But a solution to your problem would be to create an account with password, and then allow Remote Management to your family Mac for this new password account (and not allow Remote Management to your parent's password-free account). You can Screen Share even when someone else is logged into the family Mac...meaning your parental units can be logged into their password-free account, and you can Screen Share from the Internet by logging into your password account. When you do this you will be given the option of Sharing their screen or starting a new windowserver for your VNC session. This means that you can share their screen to help them do something, or you can have your own GUI screen for performing administration tasks even when your parents are logged in to their account -- they won't even know you are also logged in.

    So, as I said, I have never attempted to do VNC without a password, so I don't know how this works. On the other hand, I do VNC all the time from Macs to Macs, from Macs to Linux boxes, and from Linux boxes to Macs, and all of this works without problems.

    Good luck,
    Switon

    P.S. I'd still try to get your folks to use a password, especially when you leave. If their machine is compromised, you won't be around to figure this out for them.
     
  5. oYx thread starter macrumors regular

    Joined:
    Sep 2, 2007
    Location:
    London
    #5
    That's the way I have been doing it. Interestingly, I can already do a remote login to my account (admin) without enabling Remote Management.

    I wanted a more direct login to their screens because I don't know why my account becomes unresponsive sometimes after a remote login. If I am at the Mac and switch over to my account, nothing responds and I have either force reboot the machine. If I am lucky, it would respond if I VNC into my account instead, but that doesn't always work.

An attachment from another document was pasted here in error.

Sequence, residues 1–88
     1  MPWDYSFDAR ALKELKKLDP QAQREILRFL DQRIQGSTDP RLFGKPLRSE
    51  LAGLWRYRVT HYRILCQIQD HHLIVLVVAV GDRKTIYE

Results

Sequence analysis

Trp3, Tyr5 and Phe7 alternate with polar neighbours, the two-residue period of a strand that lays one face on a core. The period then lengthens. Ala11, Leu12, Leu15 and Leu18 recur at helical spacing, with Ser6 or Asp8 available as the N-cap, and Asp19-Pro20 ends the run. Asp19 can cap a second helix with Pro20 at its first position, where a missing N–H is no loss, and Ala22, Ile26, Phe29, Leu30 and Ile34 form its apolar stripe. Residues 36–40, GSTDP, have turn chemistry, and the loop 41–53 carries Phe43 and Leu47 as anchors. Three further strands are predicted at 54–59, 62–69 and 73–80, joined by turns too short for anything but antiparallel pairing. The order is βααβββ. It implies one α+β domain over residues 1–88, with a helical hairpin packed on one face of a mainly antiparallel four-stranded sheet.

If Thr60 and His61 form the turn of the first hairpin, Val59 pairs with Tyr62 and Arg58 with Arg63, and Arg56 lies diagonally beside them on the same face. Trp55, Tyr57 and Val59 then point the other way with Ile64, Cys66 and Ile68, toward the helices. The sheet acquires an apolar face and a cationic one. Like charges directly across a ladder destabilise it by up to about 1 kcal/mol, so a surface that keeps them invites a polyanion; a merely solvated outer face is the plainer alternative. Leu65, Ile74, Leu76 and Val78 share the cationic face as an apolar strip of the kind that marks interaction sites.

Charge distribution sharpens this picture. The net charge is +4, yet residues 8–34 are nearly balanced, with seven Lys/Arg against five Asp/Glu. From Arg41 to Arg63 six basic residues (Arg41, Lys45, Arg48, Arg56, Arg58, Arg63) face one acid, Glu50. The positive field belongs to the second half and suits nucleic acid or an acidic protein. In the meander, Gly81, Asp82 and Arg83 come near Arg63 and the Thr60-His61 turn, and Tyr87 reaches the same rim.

6. switon macrumors 6502a

    Joined:
    Sep 10, 2012
    #6
    RE: remote login (SSH)

    Hi oYx,

    Remote Login is different from Remote Management. Remote Login is SSH on port 22 by default, Remote Management is VNC on pets 3283 and 5900, by default. Access to Remote Login and Remote Management are configured separately.

    Switon
     
  7. mwhities macrumors 6502a

    Joined:
    Jul 13, 2011
    Location:
    Mississippi
    #7
    I set all my home systems up with no password and can connect to my VPN and then ScreenShare to any system. It pops up asking for a password but, I just hit Enter and it logs in.
     
  8. switon macrumors 6502a

    Joined:
    Sep 10, 2012
    #8
    RE: good...

    mwhities: Interesting...So no passwords? ...and what is your IP address? ...just teasing!

    Switon
     
  9. mwhities macrumors 6502a

    Joined:
    Jul 13, 2011
    Location:
    Mississippi
    #9
    Ha! The server has a 22+ character password in it. I HOPE that helps keep people out. :)
     
  10. switon macrumors 6502a

    Joined:
    Sep 10, 2012
    #10
    RE: do you check your log files?

    Hi mwhities,

    Do you routinely check your log files? I find that the script bunnies routinely attempt to "break in" on the VNC and SSH standard ports (it's the reason I don't use standard ports for remote logins).

    And a 22+ character password! I'm impressed, as mine is only 18+ characters. Although I do use a 47+ character passphrase for my Public Key/Secret Key 2048 bit crypto...

    Switon